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Veteran reality producer Michael Davies has teamed with U.K.-based Fluorescent Media for “The Empire,” a live game show touted as the first true cross-platform format that would allow thousands of players to compete simultaneously in a live TV broadcast.
It took Davies, the mastermind behind ABC’s “Who Wants to Be a Millionaire,” eight years to pitch another game show to the broadcast networks — that was CBS’ “The Power of 10.”
“I never found a game show good enough (before ‘Power’),” he said.
He was mentally prepared to go another eight years until his next game show when he saw Fluorescent’s pilot presentation of “Empire” at MIPCOM.
“It was like revealed truth,” Davies said. “I’ve been waiting for someone to crack the multiplatform game show for a decade, and this is far beyond what I could have imagined. It is young, visual, dynamic and frankly, revolutionary.”
“Empire” is a live quiz show that would allow hundreds of thousands of viewers to play simultaneously via cell phone, land line or the Internet. Unlike other reality series, where viewer participation is mostly limited to voting, “Empire” will have players “projected” into the studio of the show. Participants will be presented through their Internet profile or live video through Fluorescent’s proprietary participation technology Phoenix, which bridges broadcast TV, online, mobile and telephony. (Phoenix has been used on a number of shows, including GSN’s “QuizNation” and PlayMania.”)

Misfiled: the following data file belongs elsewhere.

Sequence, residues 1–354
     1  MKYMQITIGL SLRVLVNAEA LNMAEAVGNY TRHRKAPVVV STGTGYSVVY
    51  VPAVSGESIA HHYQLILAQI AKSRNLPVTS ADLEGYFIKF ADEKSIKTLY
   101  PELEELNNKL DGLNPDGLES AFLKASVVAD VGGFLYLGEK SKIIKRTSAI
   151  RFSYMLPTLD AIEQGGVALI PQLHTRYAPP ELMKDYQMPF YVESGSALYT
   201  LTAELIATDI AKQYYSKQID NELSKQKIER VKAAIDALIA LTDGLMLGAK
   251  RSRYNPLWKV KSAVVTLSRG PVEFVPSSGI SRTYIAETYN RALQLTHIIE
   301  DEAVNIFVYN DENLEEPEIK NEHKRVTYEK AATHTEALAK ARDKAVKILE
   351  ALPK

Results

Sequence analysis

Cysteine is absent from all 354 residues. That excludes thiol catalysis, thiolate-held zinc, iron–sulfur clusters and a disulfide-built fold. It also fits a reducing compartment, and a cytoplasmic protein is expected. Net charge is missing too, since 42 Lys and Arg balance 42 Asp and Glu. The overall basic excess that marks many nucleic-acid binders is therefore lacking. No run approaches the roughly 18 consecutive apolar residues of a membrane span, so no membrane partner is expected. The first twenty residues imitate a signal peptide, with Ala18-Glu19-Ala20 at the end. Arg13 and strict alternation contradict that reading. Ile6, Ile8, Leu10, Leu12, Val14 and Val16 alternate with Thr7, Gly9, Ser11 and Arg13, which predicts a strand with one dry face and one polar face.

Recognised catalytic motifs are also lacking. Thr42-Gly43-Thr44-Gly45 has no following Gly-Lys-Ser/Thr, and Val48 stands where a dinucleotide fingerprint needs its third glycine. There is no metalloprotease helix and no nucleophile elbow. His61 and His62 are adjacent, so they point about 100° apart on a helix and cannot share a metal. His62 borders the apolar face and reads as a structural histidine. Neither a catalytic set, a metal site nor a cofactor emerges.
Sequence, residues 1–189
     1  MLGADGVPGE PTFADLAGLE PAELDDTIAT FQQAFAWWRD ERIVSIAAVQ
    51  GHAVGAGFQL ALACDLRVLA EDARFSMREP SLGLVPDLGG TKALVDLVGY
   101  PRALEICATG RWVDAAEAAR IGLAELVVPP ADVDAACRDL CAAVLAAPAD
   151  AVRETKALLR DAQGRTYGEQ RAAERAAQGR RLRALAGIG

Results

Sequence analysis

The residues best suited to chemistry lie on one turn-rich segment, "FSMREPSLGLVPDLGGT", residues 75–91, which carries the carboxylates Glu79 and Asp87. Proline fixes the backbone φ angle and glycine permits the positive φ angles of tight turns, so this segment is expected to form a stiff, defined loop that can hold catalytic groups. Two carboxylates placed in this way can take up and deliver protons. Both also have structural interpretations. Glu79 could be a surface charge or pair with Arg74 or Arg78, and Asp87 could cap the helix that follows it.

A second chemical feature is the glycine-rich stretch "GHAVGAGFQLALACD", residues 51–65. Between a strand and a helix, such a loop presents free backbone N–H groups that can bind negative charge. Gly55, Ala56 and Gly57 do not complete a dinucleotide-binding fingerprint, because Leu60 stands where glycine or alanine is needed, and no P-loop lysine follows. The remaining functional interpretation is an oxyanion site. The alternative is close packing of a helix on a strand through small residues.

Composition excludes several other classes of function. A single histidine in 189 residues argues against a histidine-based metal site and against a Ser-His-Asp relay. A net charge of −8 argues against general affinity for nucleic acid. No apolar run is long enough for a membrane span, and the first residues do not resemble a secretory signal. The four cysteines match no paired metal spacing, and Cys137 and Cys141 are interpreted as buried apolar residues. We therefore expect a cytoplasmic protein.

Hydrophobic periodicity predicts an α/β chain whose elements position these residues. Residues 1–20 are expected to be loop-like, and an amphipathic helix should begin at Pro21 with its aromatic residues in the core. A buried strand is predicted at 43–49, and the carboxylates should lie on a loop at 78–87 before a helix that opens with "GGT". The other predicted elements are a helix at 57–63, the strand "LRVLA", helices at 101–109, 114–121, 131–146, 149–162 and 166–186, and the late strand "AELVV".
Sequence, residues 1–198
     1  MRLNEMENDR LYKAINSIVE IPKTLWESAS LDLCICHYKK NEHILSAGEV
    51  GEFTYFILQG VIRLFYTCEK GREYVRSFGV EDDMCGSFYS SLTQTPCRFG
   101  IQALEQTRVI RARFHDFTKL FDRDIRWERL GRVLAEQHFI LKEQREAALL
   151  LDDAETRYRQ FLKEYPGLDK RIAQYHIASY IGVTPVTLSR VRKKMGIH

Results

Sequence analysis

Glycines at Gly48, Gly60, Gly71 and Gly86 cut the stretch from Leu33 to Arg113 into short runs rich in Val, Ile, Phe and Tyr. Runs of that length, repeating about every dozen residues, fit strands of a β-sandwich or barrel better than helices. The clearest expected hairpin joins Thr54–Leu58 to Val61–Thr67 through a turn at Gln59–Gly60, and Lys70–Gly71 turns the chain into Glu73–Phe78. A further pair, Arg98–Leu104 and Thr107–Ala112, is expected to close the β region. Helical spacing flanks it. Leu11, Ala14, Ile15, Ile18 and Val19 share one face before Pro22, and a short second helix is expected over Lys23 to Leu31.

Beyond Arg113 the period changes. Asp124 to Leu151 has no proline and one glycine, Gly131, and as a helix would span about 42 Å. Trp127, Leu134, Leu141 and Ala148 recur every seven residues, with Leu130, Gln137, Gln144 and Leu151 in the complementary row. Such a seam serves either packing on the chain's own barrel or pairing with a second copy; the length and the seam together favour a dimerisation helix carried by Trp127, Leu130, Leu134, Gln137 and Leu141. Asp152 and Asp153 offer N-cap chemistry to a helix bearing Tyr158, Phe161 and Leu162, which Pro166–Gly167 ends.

“We are creating a gigantic social gaming contest across the nation, set within the venue of a live TV studio,” Fluorescent managing director Carolyn Maze said. “Technologically and creatively, this show is pushing boundaries; it’s a new category of game show.”
Davies is executive producing “Empire” with Fluorescent. Sony Pictures TV will distribute the format under its deal with Davies’ Embassy Row.
” ‘The Empire’ is an amazing concept, and Michael is just the person to make it a hit in the U.S,” SPT co-president of programming and production Zack Van Amburg said.
In addition to the weekly TV show, “Empire” will feature a 24/7 Internet component building up to the live broadcast.
Davies plans to pitch “Empire” to the networks in early December. While the networks are on the lookout for more unscripted fare as the writers strike is cutting short the seasons of their scripted series, Davies called the timing of taking out “Empire” unfortunate.
“One of things I find sad is that so much of the alternative business is focused around strike contingency, and this show has nothing to do with the strike,” Davies said. “This is a ground-breaking show that is good to enough to get on the air at any time.”
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